The Taiwan High Court yesterday sentenced Taiwan Daily News military affairs reporter Hung Tsi-cheng (洪哲政) to 18 months in jail for breaching national security.
\nThe sentence was, however, suspended for three years.
\n"Hung's violation is supposed to earn a sentence of between three and 10 years in jail," said the presiding judge, Tsai Yung-chang (蔡永昌).
\n"However, the court took into consideration his lack of any prior criminal record and that he was merely doing his job as a reporter when he broke the law. As a result, we decided to sentence him to 18 months with a three-year probation," Tsai said.
\nIf Hung is not convicted on any other charge during the three year probation period, the 18 month sentence will be dropped.
\nAfter the trial, Hung said that he was very disappointed at the result and would definitely appeal.
\nAccording to the Code of Criminal Procedure (刑事訴訟法), Hung has 10 days to appeal so after he receives the verdict.
\n"Honestly, I was planning to protest for press freedom by going to jail," said Hung. "However, the court decided that I am guilty but did not give me a chance to be jailed. To me, this is a great humiliation."
\nHung never admitted to the offence he was charged with after he was indicted for violating the Statute for Punishment of Betrayal of Military Secrets (妨害軍機治罪條例) by Taiwan High Court Prosecutor Lee Chin-ding (李金定) in September last year. During the last hearing on July 11 this year, he still insisted that he did not breach national security in his news stories.
\nHung's trouble, and subsequent conviction, arose from two stories he wrote for the now defunct Power Evening News about the 16th Han Kuang military exercise in 2000.
\nThe two articles, published on May 19 and July 29, were about the sighting of three Chinese military survey vessels off Taiwan's eastern coast two days before the May 20 presidential inauguration. They were considered by the military to have compromised national security.
\nFormer army major Liu Chih-chung (
HONG KONG SECURITY: The president blasted regulations requiring Taiwanese agents or political organizations to provide information on their Hong Kong-related activities President Tsai Ing-wen (蔡英文) yesterday warned of countermeasures should controversial Chinese national security legislation imposed on Hong Kong undermine or harm Taiwanese interests. Article 43 of the legislation empowers the Hong Kong Special Administrative Region to serve written notices to Taiwanese political organizations or individual agents to furnish information on their Hong Kong-related activities, including their personal particulars, finances, assets, expenditure and capital in the territory. Failure to comply or providing false or incomplete information can result in a fine of HK$100,000 (US$12,903) or imprisonment of six months or two years respectively. Tsai said that Taiwan would keep a close watch on how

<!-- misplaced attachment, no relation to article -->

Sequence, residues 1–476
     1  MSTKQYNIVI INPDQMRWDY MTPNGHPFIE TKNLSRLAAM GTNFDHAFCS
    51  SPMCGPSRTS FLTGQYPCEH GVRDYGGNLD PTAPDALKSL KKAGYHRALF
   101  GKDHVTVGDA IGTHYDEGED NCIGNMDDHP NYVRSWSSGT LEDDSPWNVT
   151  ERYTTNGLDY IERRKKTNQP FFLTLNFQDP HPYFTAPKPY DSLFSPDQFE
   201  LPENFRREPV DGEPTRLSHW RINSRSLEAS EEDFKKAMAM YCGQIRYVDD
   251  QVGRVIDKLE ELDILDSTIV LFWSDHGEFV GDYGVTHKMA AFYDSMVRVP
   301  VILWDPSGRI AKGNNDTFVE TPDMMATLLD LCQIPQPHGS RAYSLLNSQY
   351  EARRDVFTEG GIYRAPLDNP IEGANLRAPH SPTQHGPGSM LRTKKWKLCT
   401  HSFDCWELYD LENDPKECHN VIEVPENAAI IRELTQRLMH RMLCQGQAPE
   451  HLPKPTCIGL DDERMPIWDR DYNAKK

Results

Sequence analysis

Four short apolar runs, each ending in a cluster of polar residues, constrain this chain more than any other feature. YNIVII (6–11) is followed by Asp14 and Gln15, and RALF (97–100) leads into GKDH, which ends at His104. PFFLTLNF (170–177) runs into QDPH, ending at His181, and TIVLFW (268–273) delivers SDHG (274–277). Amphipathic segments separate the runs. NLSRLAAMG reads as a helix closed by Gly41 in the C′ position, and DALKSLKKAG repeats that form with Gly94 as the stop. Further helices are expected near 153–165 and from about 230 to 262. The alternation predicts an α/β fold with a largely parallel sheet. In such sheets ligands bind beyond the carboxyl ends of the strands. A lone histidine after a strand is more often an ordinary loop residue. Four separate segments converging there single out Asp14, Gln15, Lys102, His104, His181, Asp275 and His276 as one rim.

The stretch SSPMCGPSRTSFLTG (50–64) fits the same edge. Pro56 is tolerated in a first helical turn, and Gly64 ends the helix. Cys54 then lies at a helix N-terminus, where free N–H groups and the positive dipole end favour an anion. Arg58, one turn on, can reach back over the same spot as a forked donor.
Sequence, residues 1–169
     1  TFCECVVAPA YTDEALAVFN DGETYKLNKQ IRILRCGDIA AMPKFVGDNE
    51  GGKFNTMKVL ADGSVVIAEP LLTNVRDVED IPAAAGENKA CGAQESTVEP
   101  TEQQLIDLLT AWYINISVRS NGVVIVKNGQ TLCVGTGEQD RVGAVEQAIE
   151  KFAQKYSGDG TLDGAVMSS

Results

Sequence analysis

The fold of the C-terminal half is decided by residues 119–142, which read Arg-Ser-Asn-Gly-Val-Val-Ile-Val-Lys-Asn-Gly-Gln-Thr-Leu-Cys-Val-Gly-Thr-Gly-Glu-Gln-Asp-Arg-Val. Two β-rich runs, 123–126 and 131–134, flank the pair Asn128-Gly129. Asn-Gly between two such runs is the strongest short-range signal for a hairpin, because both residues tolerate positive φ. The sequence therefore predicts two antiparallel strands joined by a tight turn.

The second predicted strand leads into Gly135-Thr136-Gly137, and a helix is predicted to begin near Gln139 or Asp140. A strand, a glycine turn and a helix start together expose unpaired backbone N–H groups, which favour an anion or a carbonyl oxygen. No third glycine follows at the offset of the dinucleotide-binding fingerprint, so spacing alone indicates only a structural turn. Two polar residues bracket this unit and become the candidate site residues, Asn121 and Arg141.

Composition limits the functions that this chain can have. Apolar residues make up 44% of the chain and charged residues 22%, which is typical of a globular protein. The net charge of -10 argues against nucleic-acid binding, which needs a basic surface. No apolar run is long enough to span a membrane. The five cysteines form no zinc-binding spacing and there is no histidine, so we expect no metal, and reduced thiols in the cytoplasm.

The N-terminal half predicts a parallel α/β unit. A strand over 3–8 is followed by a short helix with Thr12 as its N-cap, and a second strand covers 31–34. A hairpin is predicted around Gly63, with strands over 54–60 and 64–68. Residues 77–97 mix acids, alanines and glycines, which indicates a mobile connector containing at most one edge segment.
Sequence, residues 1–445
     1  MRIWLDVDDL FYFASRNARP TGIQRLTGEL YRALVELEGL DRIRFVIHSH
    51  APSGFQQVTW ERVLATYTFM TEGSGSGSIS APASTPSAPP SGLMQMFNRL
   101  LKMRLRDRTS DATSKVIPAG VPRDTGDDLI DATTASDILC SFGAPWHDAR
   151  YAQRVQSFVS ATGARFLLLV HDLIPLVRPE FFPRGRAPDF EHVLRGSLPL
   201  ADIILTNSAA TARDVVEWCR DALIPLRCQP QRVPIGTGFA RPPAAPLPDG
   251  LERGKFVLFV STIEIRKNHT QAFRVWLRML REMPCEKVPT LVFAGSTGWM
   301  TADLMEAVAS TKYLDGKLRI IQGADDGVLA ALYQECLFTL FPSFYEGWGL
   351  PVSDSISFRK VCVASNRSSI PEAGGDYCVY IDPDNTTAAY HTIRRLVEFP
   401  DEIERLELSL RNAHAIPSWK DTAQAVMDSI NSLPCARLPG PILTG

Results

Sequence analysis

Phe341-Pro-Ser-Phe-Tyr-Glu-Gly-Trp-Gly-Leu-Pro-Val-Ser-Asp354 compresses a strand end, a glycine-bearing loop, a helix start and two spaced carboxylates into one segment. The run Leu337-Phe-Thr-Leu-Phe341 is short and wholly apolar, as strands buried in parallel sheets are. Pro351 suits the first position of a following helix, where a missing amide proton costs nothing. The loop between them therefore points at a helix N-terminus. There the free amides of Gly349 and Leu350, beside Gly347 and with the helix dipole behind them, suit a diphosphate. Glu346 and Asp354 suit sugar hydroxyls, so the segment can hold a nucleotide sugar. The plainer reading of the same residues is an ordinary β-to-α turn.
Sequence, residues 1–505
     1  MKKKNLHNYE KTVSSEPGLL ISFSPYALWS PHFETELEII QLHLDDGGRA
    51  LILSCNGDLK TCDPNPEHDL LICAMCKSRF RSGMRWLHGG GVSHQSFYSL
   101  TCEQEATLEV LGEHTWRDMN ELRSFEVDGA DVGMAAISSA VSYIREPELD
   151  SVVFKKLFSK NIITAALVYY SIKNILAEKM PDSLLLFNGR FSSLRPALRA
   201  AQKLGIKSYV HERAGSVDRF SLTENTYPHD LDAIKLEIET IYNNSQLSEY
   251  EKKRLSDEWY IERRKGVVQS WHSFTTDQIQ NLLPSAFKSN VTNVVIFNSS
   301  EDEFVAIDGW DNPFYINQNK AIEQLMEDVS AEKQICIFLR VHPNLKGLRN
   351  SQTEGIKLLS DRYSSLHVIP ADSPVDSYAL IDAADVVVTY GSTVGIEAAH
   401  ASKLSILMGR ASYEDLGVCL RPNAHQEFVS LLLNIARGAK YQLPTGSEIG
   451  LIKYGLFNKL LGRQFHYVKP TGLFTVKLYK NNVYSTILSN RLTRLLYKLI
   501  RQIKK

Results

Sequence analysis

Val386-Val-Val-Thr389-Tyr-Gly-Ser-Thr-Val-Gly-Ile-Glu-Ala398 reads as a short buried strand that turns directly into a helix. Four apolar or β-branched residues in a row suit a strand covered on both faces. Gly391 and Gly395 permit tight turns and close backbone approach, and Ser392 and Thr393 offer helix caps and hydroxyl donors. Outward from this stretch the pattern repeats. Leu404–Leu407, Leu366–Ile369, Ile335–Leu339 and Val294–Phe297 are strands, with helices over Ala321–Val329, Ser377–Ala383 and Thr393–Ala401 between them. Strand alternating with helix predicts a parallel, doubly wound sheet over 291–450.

FORCED LABOR: Customs officials have seized a 11.8 tonne shipment of products made from human hair on suspicion they were produced by people facing human rights abuses Federal authorities in New York City on Wednesday seized a shipment of weaves and other beauty accessories suspected to be made out of human hair taken from people locked inside a Chinese internment camp. US Customs and Border Protection (CPB) officials said that 11.8 tonnes of hair products worth an estimated US$800,000 were in the shipment. “The production of these goods constitutes a very serious human rights violation, and the detention order is intended to send a clear and direct message to all entities seeking to do business with the United States that illicit and inhumane practices will not be tolerated in
JUST QUESTIONS: Expelled reporter Ai Kezhu said that every member of Southeast Television had complied with the law and had not appeared on any talk shows Two Chinese reporters yesterday left Taiwan after the government revoked their accreditation and ordered them to leave amid a probe into allegations that several Chinese media outlets have set up studios and produced political talk shows in Taiwan. The two reporters — Ai Kezhu (艾珂竹) and Lu Qiang (盧薔) — worked for Fujian Province-based Southeast Television and arrived in Taiwan in December last year. The Mainland Affairs Council has launched an investigation after local media reported that Chinese broadcasters — including China Central Television, Southeast Television and FJTV — had set up studios in Taipei and produced political talk shows. Council Deputy Minister
PROBE LAUNCHED: An officer who served as a supervisor in the drill died in an apparent suicide after the accident, which was caused by unexpected waves Two marines who were on Friday injured in a military exercise in the waters off Kaohsiung passed away yesterday, Navy Command said. The marines — surnamed Tsai (蔡), 26, and a sergeant surnamed Chen (陳), 36 — were in a seven-member Marine Corps team that encountered rough seas during a simulated response to enemy forces landing on Taiwan. Their rubber craft overturned in waters off Taoziyuan (桃子園) beach in Zuoying District (左營), injuring four of the marines. They were rushed to hospital, where three of them — Tsai, Chen and a 34-year-old sergeant — were taken to an intensive care unit